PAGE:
How I treat my neck and chest:

  • I treat my neck as its own area and apply sunscreen separately.

    None of this…apply sunscreen to the face and whatever is leftover, carry it down to the neck…business! By the time you get to your neck, there just isn’t much left to give it the protection it needs. If you’ve fallen into that habit, it’s one you want to change immediately. I’ll also apply it to the chest if this area is exposed.

  • I use a facial scrub twice a week on the neck in upward circular motions to exfoliate and smooth the texture.

    Exfoliating acids can be a little fickle on the neck and sometimes cause me redness so I stick to scrubs for this area. Plus, I actually think scrubs give a better result for making skin look smoother. At least for my neck, it does. I’ll do this at night and immediately follow with my Intensive Firming Neck Creme. The key with a neck and décolleté creams is they must use skincare ingredients known as peptides to help support the structure of the skin and give a firming effect. A regular moisturizer may not give the neck exactly what it needs.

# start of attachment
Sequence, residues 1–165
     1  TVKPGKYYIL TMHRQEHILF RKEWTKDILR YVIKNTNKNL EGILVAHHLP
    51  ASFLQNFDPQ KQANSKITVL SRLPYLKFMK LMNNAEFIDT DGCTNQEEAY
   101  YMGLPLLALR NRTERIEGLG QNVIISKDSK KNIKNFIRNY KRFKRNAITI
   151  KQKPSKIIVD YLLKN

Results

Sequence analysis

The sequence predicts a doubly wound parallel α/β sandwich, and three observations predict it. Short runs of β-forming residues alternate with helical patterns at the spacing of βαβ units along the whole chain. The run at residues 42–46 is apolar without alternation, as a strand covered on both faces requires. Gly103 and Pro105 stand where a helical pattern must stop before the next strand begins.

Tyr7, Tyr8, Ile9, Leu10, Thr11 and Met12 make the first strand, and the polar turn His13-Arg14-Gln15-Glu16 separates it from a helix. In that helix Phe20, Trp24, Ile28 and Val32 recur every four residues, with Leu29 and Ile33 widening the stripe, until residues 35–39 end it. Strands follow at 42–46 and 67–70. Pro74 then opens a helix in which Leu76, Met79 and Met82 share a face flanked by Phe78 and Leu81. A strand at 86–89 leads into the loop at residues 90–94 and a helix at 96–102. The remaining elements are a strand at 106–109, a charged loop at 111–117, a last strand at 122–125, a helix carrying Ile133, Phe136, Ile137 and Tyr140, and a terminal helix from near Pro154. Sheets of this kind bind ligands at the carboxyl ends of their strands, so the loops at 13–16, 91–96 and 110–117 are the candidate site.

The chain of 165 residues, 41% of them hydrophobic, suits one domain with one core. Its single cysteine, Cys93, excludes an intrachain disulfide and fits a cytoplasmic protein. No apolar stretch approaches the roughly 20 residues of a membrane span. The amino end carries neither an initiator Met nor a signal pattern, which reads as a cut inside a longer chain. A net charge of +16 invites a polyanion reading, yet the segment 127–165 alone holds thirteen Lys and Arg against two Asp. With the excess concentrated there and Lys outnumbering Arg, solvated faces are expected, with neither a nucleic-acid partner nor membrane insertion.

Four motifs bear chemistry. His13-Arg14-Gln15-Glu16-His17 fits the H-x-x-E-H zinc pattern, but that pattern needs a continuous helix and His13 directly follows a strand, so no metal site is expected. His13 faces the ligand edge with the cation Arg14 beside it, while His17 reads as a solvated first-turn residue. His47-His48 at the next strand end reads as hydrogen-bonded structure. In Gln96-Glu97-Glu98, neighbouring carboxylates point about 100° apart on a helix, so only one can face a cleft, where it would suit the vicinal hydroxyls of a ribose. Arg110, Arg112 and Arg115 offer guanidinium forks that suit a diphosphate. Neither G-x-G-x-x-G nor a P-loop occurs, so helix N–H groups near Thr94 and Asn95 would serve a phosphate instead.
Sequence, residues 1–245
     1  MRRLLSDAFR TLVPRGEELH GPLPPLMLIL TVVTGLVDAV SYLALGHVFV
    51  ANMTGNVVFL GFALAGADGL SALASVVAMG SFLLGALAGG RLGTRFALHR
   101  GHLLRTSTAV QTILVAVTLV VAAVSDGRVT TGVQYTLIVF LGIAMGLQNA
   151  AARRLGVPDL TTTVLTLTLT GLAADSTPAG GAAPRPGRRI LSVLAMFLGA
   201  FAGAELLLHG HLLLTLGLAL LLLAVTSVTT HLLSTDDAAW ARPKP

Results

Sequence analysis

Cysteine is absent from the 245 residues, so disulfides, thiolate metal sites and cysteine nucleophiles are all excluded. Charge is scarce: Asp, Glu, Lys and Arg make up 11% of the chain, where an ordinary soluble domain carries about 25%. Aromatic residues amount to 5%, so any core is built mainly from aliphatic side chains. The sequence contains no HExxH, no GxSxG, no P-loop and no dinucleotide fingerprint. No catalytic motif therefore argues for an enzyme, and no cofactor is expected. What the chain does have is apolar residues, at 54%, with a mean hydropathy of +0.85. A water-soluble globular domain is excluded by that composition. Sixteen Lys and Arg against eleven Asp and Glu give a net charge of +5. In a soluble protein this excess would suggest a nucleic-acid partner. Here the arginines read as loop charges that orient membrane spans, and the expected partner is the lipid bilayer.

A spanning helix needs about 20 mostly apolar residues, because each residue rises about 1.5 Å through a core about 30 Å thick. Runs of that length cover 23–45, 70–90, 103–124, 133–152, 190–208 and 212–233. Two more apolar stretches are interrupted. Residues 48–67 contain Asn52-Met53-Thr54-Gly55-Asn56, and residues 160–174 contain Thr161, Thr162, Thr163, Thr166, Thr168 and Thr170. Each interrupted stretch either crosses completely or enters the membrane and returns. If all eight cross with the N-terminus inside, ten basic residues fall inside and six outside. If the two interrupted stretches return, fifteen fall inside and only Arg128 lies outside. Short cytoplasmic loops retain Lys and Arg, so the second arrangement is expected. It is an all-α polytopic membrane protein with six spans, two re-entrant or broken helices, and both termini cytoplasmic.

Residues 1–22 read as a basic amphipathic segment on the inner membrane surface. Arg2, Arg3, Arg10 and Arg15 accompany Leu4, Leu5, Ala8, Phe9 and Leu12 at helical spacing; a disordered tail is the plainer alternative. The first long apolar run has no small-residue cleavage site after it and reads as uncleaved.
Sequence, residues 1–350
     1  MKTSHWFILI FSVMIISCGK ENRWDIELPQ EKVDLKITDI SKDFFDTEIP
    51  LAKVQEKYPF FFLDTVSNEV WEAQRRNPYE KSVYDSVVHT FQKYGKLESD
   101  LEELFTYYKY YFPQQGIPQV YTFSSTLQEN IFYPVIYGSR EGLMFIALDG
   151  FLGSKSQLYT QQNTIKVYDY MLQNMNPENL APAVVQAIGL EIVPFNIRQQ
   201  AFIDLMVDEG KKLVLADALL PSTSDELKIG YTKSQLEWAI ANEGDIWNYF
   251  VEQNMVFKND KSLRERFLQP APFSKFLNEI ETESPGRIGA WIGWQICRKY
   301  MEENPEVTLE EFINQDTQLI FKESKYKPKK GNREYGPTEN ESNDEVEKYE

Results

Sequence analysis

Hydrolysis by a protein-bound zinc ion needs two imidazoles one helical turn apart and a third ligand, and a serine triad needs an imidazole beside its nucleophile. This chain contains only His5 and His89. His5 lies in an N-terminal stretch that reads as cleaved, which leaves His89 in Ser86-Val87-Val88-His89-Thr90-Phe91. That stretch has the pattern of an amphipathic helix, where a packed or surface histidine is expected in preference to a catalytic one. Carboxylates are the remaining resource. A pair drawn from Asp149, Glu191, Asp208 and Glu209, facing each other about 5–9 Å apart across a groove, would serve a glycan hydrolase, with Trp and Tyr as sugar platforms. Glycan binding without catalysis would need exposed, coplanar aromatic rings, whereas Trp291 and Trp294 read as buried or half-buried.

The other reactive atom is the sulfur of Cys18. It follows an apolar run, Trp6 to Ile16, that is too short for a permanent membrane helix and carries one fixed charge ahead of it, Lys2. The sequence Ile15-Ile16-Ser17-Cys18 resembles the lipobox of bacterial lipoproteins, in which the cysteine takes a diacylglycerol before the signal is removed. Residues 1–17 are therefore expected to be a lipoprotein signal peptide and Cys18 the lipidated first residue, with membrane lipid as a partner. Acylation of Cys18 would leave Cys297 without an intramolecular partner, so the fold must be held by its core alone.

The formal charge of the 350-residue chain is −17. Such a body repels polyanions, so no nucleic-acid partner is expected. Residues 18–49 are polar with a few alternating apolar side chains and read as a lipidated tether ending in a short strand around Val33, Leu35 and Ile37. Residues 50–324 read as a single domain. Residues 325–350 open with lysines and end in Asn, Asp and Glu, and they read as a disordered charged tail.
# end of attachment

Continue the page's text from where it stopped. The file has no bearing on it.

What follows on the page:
• I use a skincare product with the ingredient retinol on my neck and chest.

    I mean, other than sunscreen, you just can’t get much better than this for truly creating a smoother look when used consistently for long periods of time.

  • I get occasional chemical peels on my chest to fade brown spots.

    Read more about how I repair sun damage on my neck and chest.

6. During daylight hours, I always have face makeup on. I consider it a form of skincare.

Up until the age of 26, I spent my whole life living in the North. (Minnesota, Wisconsin, and Massachusetts.) At age 26, and seven years into my career as an esthetician, I moved to the South and have lived here ever since. (Dallas and now Austin, Texas.)

One thing that I noticed soon after moving to Texas is how much better the quality of the skin was for Southern women than Northern women. In women ages 65 and beyond, where the signs of aging will be quite noticeable, their texture was so much smoother and their skin looked considerably younger for their age. Why would this be? I mean, the Texas sun is strong and there are way more opportunities to spend time outside since we don’t get the snow that traps us indoors. In theory, Southern women should show more sun damage, right?